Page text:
Women with polycystic ovary syndrome were more likely to report they had concerns regarding long-term health risks, including cardiovascular disease, diabetes and weight gain, compared with women without the condition. Yet, fewer than half of this group reported attempting to follow U.S. government diet recommendations for healthy eating, according to an analysis of survey data published in Human Reproduction.
“Our survey results indicated that women living with PCOS believed they were at increased risk for adverse health problems but felt less control over their ability to curb these risks than women without PCOS,” Marla Lujan, PhD, assistant professor of nutritional sciences at Cornell University in Ithaca, New York, told Endocrine Today. “In particular, women with PCOS were less likely to view the adoption of healthy behaviors as effective approaches to reduce their risk of weight gain. These findings tell us that women with PCOS are receiving and internalizing the message that PCOS has serious implications for their long-term health. However, PCOS appears to be associated with a sense of inevitability to prevent progression to weight gain, cardiovascular disease or other chronic diseases — beliefs which need to be addressed by researchers and clinicians.”
Lujan, Annie W. Lin, RD, PhD, of the division of nutritional sciences at Cornell University, and colleagues analyzed data from 255 women with self-reported PCOS and 220 women without PCOS (self-reported regular menstrual cycles), all aged 18 to 38 years, participating in an ancillary study of a larger observational investigation regarding the differences in diet and physical activity in women with and without PCOS. All participants completed a 77-item survey regarding health-related knowledge, beliefs and self-efficacy. The majority of items were formatted as multiple-choice questions or 5-point rating scales; items related to beliefs about the severity and inevitability of adverse health outcomes and the evaluation of lifestyle behaviors were assessed on a continuous scale, from 1 (disagree) to 5 (agree). For items about perceived susceptibility to adverse health outcomes, a value of 1 indicated “much lower than average” and 5 indicated “much higher than average.”
Among PCOS patients, more than 76% correctly answered knowledge items relating to ovarian physiology and function, and 51.4% correctly identified the three established diagnostic features of PCOS. Features that were incorrectly identified as PCOS criteria included weight gain (64%), insulin resistance (81%) and trouble losing weight (86%).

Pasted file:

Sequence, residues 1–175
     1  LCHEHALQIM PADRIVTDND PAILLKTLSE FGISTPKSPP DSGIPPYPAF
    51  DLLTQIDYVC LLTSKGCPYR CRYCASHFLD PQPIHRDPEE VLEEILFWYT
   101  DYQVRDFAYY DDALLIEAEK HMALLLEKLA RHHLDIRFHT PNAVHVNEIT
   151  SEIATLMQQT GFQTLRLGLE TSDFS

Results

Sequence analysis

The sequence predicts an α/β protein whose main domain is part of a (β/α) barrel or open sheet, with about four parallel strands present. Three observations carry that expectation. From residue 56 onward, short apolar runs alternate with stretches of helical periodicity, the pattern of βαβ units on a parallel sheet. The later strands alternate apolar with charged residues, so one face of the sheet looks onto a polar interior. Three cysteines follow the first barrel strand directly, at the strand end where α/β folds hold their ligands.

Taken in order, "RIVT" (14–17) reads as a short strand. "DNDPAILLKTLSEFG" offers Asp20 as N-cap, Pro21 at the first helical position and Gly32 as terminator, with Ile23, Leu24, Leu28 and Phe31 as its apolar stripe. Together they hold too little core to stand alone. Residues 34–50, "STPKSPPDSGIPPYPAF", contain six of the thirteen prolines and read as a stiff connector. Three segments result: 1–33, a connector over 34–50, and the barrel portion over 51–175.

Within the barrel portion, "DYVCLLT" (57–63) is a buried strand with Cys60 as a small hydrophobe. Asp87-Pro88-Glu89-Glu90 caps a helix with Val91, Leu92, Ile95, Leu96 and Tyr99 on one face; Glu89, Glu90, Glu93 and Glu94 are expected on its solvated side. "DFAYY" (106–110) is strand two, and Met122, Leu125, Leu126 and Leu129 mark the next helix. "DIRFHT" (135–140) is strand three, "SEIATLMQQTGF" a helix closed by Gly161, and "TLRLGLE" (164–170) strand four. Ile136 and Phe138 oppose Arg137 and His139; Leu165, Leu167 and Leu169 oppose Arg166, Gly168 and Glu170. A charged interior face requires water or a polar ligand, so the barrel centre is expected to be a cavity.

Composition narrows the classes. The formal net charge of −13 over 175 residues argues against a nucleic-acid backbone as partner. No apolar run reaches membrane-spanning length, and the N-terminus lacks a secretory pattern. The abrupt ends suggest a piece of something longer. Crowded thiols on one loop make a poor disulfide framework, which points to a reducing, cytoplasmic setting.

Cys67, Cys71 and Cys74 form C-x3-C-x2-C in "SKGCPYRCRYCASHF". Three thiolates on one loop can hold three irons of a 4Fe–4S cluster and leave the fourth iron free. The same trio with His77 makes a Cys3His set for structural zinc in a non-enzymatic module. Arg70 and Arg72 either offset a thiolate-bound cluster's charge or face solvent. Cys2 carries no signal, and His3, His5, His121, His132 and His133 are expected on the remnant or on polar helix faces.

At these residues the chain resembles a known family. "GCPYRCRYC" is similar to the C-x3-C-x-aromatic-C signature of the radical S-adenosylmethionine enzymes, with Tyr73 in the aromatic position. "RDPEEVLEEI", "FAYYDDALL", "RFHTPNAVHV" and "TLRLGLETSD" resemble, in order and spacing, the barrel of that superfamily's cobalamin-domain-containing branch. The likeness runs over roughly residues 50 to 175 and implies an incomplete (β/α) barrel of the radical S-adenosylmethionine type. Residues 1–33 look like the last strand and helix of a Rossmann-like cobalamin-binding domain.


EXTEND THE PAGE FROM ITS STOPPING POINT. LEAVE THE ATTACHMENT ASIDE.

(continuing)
Patients with PCOS also had high scores regarding their perceived severity of CVD, diabetes and endometrial cancer, and reported they were at higher risk for developing adverse health outcomes. The patients with PCOS were more likely to report that CVD, diabetes and weight gain were preventable, but they were also more likely to report that endometrial cancer and infertility were not. Similarly, these patients reported that meeting diet and physical activity guidelines would help prevent adverse health outcomes, apart from endometrial cancer and infertility.
Despite the reported findings, many patients with PCOS reported they did not follow government guidelines for healthy eating, with 64% reporting they searched for MyPlate recommendations and only 47% reporting attempting to follow the recommendations.
Women with PCOS were also less likely to agree that a healthy diet or physical activity could reduce the risk for weight gain relative to those without PCOS (P = .03 for both), although patients with PCOS reported a greater importance for meeting national physical activity recommendations vs. those without PCOS (P < .01).
Lujan said the findings have important implications for the counseling of patients with PCOS.
“In addition to informing patients about their long-term health risks, women with PCOS would benefit from receiving information about the known positive effects of diet and physical activity for women with their condition,” Lujan said. “While benefits on reproductive outcomes are less clear, there is substantial evidence to support global improvements in metabolic health in women with PCOS engaged in lifestyle/behavioral interventions. Further, there is little evidence to support that women with PCOS are less responsive to these interventions compared to women without PCOS. As such, women with PCOS should feel greater confidence in the beneficial effects of healthy behavioral practices.”
Lujan said future research should focus on the impact of diet and physical activity on the health and well-being of women with PCOS across the life span, data on long-term weight maintenance and the prevention of weight gain, and analysis on how health-related knowledge and beliefs change over the life span in women with PCOS.
“Understanding factors that affect patient perceptions, and resources whereby patients secure health-related knowledge, may aid in identifying critical junctures and/or avenues to enhance adoption of healthy behaviors,” Lujan said. – by Regina Schaffer
Disclosures: The authors report no relevant financial disclosures.